Editorial: Bad news, Tallahassee: Florida students are already awake
Students are challenged to envision their life in a different culture or a different time. And because human beings are moral people, students will invariably place their knowledge into frames of justice versus injustice, generosity versus greed, transparency versus deception, acceptance versus exclusion, freedom versus tyranny. There’s a reason students often cite social-studies classes among their favorites. In new standards for social-studies textbooks issued last week, Florida educational officials acknowledge the critical need to satisfy students’ thirst for relevance. Which ones? The standards rely on misappropriated buzzwords and threatening emotions to define their targets. In context, it’s quite clear that the state is only targeting some forms of indoctrination.
It’s a little more difficult to determine which theories aren’t welcome. And certainly, students should not be asked to consider acting to correct any bias they perceive through this deceptive ideological fog. So if the average annual income of Florida women is $7,700 less than that of men, that’s their problem. One more objectionable point, among many: Teachers “may not define American history as something other than the creation of a new nation based largely on universal principles stated in the Declaration of Independence. Any high-school sophomore could blow a hole in that: The Declaration’s “universal principles” may be lofty, but they aren’t universal. There’s one more big problem with the department’s facile new guidelines, one that lies in its deceptive pretense that only certain concepts are banned (as if that weren’t bad enough).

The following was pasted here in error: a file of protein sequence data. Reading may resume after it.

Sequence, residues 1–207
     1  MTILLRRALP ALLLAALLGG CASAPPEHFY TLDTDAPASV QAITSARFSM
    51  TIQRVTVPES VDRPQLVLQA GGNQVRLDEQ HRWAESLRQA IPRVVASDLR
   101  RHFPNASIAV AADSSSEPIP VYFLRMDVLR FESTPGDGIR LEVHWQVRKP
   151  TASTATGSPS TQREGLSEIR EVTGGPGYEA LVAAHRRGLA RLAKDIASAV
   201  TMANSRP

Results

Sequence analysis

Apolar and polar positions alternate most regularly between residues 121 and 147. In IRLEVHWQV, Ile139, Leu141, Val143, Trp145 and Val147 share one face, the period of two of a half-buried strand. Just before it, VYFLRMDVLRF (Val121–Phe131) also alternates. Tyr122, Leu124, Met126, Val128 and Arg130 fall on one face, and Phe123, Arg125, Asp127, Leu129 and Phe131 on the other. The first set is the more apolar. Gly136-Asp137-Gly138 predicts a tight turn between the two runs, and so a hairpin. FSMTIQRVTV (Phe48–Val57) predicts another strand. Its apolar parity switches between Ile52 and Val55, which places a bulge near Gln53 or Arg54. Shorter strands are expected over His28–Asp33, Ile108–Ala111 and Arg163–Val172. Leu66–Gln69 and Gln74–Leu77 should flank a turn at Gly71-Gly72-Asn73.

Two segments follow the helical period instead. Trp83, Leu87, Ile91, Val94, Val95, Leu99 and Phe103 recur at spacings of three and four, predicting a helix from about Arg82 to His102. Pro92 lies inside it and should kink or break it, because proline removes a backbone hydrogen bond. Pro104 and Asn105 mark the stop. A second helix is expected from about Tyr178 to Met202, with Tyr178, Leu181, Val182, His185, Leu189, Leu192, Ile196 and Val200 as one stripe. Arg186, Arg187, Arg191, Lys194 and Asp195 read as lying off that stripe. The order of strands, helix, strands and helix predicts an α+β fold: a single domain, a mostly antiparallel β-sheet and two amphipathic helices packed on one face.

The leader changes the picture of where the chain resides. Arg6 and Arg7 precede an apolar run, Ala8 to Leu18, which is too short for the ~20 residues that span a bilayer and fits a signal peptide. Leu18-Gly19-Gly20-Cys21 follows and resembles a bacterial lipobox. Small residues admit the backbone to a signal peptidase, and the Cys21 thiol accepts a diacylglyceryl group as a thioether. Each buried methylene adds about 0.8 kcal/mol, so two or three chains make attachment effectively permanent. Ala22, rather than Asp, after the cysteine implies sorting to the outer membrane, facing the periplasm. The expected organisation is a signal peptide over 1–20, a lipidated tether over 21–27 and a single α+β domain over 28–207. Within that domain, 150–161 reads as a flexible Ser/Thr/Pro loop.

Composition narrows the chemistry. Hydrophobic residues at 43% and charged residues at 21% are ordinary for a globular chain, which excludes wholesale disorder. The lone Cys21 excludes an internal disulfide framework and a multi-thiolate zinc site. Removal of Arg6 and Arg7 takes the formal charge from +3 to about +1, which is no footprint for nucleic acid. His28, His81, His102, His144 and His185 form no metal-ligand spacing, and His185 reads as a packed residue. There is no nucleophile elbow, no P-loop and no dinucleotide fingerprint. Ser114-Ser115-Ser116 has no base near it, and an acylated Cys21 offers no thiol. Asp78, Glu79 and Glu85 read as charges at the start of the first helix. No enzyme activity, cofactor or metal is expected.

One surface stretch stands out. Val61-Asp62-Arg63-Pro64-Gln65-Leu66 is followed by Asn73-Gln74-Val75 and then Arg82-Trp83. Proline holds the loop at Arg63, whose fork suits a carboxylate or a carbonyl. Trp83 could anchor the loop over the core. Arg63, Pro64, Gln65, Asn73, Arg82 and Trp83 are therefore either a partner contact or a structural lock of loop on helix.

So that information will be excluded ― a little lesson in economics all by itself. The state’s recent witch hunt for “critical race theory” material in math books now makes a lot more sense. What does it say about Florida’s Republican leadership, that these impulses are something they wish to suppress? And what does it say about them, that they see the word “woke” as obviously, inherently pejorative? Here’s the thing about Florida students: Many of them won’t be content to snooze through 12 years of forced ignorance. Education officials can try to fill textbooks with lullabies and bedtime stories. The Orlando Sentinel Editorial Board consists of Opinion Editor Krys Fluker, Editor-in-Chief Julie Anderson, Viewpoints Editor Jay Reddick and El Sentinel Editor Jennifer A.
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